WePay, an online payment start-up that helps groups of people to collect, manage and spend money, has just released a public beta of its group payment product.
Set up by two recent college graduates, WePay raised $1.65 million in venture financing from August Capital in December. Other angel investors include PayPal founder Max Levchin, Ron Conway - an early investor in Google, Facebook and Twitter - and Eric Dunn, a former CTO and CFO of Intuit.
Billed as an online alternative to cash, spreadsheets and the 2.2 billion paper cheques people in the US write each other every year, WePay allows users to create free FDIC-insured accounts and "share" them with others. From these accounts, users can send electronic bills (which can be paid with bank accounts or credit cards) and spend funds with a WePay Visa prepaid card, paper cheques, or electronic transfers. WePay takes a 50 cent cut from each transaction.
"WePay is a lot easier to use than PayPal, especially when you're trying to collect money from a lot of different people," says WePay co-founder Rich Aberman. "But the real difference between WePay and PayPal is that WePay allows users to create separate accounts for different things - like an account for your roommates and a totally separate one for a group vacation."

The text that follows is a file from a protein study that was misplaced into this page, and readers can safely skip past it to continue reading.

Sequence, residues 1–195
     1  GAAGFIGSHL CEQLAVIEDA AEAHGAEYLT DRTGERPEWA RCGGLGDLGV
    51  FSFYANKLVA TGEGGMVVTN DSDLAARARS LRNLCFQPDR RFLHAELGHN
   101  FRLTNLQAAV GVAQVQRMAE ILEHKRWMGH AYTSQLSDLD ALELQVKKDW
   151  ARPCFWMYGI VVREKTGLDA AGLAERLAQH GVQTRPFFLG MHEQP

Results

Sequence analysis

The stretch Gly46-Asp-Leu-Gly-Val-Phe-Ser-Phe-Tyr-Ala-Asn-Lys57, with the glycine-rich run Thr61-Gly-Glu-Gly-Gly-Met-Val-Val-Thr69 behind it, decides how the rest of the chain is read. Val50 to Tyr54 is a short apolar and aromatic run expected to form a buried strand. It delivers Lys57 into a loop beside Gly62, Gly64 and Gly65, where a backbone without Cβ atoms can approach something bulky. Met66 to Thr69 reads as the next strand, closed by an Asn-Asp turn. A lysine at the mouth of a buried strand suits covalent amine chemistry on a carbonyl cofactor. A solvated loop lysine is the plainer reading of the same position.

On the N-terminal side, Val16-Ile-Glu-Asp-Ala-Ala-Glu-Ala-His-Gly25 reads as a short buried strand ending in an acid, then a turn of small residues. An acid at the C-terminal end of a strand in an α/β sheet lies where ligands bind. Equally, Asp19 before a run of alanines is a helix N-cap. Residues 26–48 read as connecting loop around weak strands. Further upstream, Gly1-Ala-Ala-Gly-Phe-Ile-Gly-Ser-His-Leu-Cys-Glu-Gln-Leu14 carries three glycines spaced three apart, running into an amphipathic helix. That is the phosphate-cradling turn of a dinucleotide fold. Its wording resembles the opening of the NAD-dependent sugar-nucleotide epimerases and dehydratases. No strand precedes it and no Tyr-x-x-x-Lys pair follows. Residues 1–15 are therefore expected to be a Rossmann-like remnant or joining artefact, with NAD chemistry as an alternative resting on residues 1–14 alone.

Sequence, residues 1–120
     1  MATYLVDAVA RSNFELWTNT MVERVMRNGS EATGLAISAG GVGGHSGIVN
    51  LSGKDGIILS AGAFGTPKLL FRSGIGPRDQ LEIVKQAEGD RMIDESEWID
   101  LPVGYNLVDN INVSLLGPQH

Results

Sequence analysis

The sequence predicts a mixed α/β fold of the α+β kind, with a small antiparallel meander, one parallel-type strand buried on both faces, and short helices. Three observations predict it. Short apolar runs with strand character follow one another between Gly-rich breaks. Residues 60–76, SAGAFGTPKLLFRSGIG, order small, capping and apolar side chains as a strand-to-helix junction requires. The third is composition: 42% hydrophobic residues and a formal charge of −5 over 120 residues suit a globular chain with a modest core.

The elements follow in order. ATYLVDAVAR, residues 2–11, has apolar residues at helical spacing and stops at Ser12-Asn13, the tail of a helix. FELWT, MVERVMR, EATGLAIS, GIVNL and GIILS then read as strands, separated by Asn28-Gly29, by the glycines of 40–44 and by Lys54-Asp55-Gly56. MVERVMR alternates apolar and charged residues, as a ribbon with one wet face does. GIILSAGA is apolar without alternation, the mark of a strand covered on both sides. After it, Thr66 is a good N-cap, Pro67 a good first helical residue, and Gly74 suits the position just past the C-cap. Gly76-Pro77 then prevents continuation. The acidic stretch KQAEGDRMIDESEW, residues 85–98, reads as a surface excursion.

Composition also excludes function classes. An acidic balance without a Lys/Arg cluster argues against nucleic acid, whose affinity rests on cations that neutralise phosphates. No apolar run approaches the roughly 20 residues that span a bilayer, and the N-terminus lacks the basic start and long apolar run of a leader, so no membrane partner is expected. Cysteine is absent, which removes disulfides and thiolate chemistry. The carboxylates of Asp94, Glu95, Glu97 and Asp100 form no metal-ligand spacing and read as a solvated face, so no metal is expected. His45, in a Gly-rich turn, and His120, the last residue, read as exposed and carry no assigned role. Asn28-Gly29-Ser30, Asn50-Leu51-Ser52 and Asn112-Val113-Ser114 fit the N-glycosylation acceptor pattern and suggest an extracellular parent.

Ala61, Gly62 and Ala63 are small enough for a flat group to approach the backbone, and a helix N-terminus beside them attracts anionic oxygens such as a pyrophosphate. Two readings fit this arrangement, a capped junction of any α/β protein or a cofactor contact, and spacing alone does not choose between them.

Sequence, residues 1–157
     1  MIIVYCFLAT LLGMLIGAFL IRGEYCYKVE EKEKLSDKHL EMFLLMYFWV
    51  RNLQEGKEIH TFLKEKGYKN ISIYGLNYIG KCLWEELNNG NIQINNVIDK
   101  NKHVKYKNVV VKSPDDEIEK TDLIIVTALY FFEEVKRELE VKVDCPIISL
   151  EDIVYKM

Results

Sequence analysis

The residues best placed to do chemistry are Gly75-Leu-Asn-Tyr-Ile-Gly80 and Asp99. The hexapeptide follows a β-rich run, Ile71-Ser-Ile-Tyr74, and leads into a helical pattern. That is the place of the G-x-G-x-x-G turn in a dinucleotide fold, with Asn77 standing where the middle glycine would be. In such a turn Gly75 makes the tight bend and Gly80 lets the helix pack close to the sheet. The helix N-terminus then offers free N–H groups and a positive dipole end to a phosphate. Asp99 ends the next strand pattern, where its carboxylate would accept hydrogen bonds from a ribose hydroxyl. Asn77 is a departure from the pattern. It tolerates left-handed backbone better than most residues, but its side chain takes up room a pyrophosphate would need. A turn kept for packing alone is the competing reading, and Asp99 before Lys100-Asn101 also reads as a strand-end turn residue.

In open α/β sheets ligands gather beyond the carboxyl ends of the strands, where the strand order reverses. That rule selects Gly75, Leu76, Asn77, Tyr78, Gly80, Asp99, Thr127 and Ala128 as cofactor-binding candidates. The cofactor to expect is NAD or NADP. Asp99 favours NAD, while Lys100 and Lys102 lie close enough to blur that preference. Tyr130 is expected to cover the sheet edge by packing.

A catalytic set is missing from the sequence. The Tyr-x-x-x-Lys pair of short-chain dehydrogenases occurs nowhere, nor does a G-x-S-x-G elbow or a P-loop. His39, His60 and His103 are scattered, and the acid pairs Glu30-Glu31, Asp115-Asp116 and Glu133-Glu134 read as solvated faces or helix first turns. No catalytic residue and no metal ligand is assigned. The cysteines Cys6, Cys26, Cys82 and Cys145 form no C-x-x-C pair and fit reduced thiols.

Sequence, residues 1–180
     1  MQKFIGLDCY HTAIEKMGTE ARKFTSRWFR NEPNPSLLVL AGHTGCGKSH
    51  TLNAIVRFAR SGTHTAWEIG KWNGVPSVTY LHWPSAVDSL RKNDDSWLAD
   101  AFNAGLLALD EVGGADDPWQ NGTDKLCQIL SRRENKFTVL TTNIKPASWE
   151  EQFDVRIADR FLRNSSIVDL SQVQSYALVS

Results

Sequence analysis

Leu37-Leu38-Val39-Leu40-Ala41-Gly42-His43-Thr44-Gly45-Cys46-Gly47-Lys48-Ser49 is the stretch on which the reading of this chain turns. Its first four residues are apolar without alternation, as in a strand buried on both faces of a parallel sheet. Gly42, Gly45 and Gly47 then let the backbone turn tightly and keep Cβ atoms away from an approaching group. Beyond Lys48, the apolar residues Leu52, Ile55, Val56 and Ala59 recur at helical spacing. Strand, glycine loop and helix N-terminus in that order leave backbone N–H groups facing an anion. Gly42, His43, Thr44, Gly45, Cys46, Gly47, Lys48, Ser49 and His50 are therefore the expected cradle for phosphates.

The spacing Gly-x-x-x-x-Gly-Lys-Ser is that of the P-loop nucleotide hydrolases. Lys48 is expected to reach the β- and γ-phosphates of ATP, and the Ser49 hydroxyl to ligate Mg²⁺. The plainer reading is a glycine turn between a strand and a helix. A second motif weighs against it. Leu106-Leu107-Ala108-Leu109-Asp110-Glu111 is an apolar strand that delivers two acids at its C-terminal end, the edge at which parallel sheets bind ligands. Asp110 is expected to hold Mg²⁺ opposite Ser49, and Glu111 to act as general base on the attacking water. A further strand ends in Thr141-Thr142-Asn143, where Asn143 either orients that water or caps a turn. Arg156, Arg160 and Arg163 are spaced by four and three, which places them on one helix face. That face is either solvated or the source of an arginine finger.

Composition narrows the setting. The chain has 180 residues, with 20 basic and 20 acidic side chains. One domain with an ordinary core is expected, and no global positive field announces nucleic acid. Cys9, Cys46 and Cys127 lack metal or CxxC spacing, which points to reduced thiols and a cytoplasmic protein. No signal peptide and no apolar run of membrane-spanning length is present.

WePay has been in private beta for the past six months and has received positive reviews from early users says Aberman.
He cites as an example Kara Casey, a recent college grad, who uses WePay to manage collecting and paying fees for her 15-player softball team.
"WePay has made the collection and payment process stress free for everyone involved," says Casey. "I am able to quickly send 'bills' to my teammates and I'm notified when they submit payment. My favourite part is that WePay sends reminders directly to teammates with a balance due. This eliminates the discomfort of having to remind friends that they owe me money."